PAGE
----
The man himself returned to the stage after the money collection was over. He then asked us to give him 25 minutes. I realized then that the disjointed staccato presentations he had made earlier were not his speech at all. That was just the warm-up. His theme for the evening was the importance of picking your battles. He used the story of David and Goliath as the backdrop for making his point. He said that David’s brothers had criticized his wish to fight Goliath, but that David did not allow himself to become distracted by that pointless fight. Instead he focused on the more important battle against the giant Goliath. Osteen talked fluently about remaining positive despite having to face the barbs and criticisms of others. He implored us to remain focused on the battles that mattered. 

It was an excellent speech. The message was brilliant. No Biblical scholar myself, I nevertheless became momentarily distracted by a childhood recall that it was Saul who had not been persuaded of David’s ability to fight Goliath. I did not remember a quarrel between David and his brothers featuring that importantly in the original story. But I could be wrong. 

At some point during the 25 minutes, I fell asleep. It wasn’t Osteen’s fault. I had played four hours of tennis that morning in the blazing sun and was quite simply exhausted.  Osteen’s message of faith and belief penetrated subliminally.  It was the music that eventually woke me up. It was LOUD. Osteen’s daughter sang a tuneless song, the words to which I cannot remember. I got it – suffer the little children. I felt badly for her. If I were she, I would be humiliated to be part of my parents’ dog-and-pony show. Osteen had earlier apologized for the absence of his 13-year-old son who had elected to attend camp. Lucky dude, I thought.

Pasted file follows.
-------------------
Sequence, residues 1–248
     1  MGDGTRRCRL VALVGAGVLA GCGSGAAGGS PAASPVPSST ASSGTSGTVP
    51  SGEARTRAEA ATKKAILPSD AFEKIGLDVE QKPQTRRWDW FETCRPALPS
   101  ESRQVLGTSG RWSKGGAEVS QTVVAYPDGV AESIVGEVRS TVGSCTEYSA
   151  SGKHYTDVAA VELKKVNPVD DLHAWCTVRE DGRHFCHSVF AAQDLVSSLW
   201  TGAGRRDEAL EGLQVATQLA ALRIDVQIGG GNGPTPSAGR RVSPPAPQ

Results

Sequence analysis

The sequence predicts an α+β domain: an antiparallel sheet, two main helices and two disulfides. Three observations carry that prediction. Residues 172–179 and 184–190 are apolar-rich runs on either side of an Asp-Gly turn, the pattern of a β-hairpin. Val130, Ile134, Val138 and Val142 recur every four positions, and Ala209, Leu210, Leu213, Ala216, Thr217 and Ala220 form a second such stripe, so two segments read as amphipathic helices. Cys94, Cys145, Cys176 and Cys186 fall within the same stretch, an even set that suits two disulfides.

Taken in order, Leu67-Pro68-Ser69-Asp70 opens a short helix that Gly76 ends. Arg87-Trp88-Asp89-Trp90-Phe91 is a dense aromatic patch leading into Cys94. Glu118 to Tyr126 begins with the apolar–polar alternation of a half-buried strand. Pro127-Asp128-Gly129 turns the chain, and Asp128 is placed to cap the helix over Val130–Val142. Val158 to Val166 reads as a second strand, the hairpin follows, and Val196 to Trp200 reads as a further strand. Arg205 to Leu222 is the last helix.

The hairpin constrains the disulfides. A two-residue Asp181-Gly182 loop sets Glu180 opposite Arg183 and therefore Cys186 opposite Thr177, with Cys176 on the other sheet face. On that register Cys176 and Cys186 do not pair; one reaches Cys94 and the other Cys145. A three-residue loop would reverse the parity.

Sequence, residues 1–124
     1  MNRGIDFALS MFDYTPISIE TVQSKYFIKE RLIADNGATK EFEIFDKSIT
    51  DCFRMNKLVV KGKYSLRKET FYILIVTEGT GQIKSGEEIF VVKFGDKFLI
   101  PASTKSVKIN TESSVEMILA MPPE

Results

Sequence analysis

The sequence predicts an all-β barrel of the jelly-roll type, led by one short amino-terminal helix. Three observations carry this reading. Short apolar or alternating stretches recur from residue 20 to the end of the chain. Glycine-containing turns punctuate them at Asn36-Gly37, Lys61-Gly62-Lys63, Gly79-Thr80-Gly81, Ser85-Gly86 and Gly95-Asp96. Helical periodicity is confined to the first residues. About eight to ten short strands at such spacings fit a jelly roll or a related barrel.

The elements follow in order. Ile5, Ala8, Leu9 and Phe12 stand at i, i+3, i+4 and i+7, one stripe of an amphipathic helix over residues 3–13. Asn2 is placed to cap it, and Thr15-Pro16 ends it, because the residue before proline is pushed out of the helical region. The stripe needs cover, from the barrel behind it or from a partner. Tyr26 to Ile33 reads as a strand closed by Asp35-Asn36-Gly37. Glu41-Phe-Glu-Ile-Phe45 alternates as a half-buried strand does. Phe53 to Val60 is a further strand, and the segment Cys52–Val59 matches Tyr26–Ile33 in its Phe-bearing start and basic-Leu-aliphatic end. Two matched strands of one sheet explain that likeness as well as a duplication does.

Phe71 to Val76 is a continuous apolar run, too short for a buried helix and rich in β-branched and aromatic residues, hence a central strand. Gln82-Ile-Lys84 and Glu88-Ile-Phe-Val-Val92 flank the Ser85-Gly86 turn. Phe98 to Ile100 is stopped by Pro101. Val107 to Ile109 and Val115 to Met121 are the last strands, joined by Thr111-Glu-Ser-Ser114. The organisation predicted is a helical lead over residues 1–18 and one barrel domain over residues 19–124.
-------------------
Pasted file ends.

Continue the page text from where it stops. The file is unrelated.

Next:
The music banged and clanged as the show came to a close. We were encouraged to stand if we were ready to declare an affiliation to Jesus Christ. I remained seated. Jesus was a prophet, I thought, as is Osteen. I’d just as soon worship the Big Guy himself. Prophets serve the purpose of bringing a message. Osteen’s message, like Jesus’ before him, is positive and uplifting. It works best in 30-minute televised segments with few commercial breaks. I suspect that Jesus would have been an equally effective media superstar. But I feel no need to worship either of them.